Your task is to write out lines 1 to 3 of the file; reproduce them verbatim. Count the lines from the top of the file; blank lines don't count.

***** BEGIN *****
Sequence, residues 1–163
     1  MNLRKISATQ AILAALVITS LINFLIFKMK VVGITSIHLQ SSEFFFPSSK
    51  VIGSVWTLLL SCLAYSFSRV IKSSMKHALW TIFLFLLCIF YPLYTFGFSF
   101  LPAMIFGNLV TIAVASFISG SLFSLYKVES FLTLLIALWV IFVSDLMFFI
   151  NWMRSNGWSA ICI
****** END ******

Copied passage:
Sequence, residues 1–163
     1  MNLRKISATQ AILAALVITS LINFLIFKMK VVGITSIHLQ SSEFFFPSSK
    51  VIGSVWTLLL SCLAYSFSRV IKSSMKHALW TIFLFLLCIF YPLYTFGFSF